March 10, 2009— -- On a chilly autumn morning, four young men wore nothing but diapers as they marched together in a line. They were following their two pledge masters to the sidewalk for another round of "loyalty tests."
"You want to be part of this?" the pledge master yelled.
"Yes!" The four pledges replied in unison.
Watch the story on "What Would You Do?" Tuesday, March 10, at 10 p.m. ET
The torturous games had just begun as one pledge was forced to guzzle what appeared to be vodka from a funnel.
"Open wide … take it all down … it's delicious!" the pledge master taunted.
It's supposed to be an initiation process, the ultimate bonding experience, but often fraternities, sports teams and even marching bands have taken this traditional rite of passage too far.
This type of hazing would have normally taken place behind closed doors, but ABC News decided to stage this scenario in public, to see what ordinary people would do if they witnessed hazing.
Just down the road from a college on Long Island, where local police told us they have had to deal with real college hazing in the past, ABC News set up an ethical dilemma.
"What Would You Do?" hired four male actors to play the role of young, scared pledges and two additional actors to be their "Pledge Masters" who issued orders without mercy.
From a nearby truck we watched people's reactions as our hidden cameras rolled.
One unsuspecting teenager, walking with her sister, came face-to-face with our hazing scenario.
"We have this thing we like to do with goldfish," the pledge master explained, holding up a funnel and a tank of live goldfish.
He asked the young women to help him out, and one of them complied, holding the funnel in the pledge's mouth. The two girls watched as the pledge was forced to swallow vodka and a goldfish.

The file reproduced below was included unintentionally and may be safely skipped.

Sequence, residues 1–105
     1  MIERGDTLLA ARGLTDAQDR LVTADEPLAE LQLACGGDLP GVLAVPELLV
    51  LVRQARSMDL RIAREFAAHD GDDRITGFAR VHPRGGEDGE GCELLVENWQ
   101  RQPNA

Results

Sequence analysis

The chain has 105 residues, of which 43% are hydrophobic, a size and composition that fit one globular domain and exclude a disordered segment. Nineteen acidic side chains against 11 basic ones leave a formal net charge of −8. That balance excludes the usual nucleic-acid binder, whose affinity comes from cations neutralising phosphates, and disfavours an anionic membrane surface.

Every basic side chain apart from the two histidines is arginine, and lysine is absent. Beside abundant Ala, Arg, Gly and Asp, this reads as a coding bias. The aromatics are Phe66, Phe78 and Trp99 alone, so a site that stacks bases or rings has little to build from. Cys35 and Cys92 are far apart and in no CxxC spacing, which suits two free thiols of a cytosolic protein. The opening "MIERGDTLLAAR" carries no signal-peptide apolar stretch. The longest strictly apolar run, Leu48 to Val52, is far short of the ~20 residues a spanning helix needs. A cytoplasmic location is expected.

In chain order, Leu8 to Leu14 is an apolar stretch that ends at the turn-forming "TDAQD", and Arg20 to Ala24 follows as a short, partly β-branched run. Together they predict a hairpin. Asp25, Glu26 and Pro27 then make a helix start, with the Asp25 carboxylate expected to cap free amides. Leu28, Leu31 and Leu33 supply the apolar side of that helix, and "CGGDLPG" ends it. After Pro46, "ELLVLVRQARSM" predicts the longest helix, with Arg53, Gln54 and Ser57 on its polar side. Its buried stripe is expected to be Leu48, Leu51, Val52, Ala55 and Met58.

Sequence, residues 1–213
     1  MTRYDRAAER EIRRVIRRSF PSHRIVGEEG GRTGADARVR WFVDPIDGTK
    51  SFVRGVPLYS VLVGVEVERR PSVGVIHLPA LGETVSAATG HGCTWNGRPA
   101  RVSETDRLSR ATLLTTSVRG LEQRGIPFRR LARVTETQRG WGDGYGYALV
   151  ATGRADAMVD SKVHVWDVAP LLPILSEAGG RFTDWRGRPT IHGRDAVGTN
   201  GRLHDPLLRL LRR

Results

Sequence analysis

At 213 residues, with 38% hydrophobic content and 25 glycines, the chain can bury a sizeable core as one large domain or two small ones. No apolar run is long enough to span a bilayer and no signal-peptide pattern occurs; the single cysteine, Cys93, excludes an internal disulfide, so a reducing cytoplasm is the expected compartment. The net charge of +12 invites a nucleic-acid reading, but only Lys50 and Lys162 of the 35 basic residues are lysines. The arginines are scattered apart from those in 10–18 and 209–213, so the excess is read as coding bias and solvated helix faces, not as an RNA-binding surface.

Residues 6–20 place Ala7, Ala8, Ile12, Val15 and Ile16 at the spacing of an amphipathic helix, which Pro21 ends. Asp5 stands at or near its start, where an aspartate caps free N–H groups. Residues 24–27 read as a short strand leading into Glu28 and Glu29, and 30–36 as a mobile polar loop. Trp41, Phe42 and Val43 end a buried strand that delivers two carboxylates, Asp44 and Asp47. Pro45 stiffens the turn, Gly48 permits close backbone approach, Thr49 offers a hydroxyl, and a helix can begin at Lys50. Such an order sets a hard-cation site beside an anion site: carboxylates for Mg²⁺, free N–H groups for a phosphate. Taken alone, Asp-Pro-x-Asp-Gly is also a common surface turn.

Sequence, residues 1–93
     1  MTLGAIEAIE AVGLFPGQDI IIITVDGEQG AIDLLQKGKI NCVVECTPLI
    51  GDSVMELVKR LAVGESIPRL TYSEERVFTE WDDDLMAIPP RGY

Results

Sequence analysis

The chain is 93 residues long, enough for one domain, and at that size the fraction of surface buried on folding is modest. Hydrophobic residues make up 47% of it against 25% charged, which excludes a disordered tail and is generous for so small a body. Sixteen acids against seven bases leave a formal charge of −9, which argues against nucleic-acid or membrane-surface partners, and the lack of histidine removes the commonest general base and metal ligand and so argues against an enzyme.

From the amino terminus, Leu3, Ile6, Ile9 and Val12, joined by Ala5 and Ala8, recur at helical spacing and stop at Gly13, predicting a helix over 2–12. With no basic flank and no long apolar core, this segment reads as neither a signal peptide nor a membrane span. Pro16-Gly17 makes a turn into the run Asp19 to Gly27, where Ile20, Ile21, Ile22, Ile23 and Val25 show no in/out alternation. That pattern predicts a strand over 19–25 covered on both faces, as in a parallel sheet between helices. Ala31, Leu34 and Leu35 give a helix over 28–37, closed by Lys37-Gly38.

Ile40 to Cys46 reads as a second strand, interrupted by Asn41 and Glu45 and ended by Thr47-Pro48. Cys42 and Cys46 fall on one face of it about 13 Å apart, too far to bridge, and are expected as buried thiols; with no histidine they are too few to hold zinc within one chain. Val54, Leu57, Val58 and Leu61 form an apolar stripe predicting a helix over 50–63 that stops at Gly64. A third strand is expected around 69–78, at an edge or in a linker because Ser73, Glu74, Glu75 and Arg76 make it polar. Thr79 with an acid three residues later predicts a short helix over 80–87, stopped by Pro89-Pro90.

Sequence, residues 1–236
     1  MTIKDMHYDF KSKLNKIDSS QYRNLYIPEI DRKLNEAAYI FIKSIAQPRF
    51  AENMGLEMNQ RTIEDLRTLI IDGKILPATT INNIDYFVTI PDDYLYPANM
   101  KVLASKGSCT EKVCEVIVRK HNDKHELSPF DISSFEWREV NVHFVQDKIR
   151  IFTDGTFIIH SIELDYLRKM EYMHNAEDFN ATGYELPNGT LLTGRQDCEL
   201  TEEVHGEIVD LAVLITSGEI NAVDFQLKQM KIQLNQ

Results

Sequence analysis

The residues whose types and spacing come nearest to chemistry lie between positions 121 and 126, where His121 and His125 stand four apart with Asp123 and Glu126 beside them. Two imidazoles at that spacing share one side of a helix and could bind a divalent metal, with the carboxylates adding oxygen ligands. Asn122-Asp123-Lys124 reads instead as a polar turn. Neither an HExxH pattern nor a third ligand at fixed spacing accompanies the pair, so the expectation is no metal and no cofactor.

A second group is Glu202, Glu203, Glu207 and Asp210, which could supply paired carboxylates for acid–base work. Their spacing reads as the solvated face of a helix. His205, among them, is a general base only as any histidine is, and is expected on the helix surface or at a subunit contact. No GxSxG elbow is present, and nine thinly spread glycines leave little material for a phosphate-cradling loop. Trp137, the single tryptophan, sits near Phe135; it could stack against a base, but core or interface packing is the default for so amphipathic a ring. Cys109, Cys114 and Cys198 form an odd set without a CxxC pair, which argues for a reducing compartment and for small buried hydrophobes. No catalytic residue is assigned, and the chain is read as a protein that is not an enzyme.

When ABC News correspondent John Quinones emerged with a camera crew to explain that this was a staged event, the girls told him they didn't think the pledges were in danger.
It's no surprise that teenagers and adults may see hazing differently. One pledge, however, was attached to a pole with saran wrap.
"It can get out of hand, but it can also be fun and people want to do it to get in," one of the teens said.
According to Susan Lipkins, psychologist and author of the book "Preventing Hazing," tolerating this type of behavior contributes to the problem.
"They're outrageous destructive behaviors that if we continue to let everybody do it, it will grow more and more common," said Lipkins. "More kids will die and more kids will get hurt."
At least once a year, somewhere in the country, hazing ends in tragedy. On the same weekend that we were shooting our "What Would You Do?" scenario in November, a student died at a fraternity party at the University of Delaware. The 18-year-old freshman was a pledge.
Kate Ferrari and Ron Kellner, who both happened upon our staged scenario, had heard the news about the student's death, and weren't willing to let the same tragic event happen in their own town. They jumped right in when they noticed the hazing.
"You know a kid just died this weekend?" asked Ferrari.
"Pick them up off the ground and take them f**king home before somebody dies!" demanded Kellner.
Another passerby, Katharine Tischer, also tried to stop the hazing.
"Have you ever been part of a sorority?" the pledge master asked her.
"No, I wouldn't put myself though this!" said Tischer, "How can they trust you guys if you beat them and humiliate them?"
"Because they are our pledges!" responded the pledge master. "It's none of your business."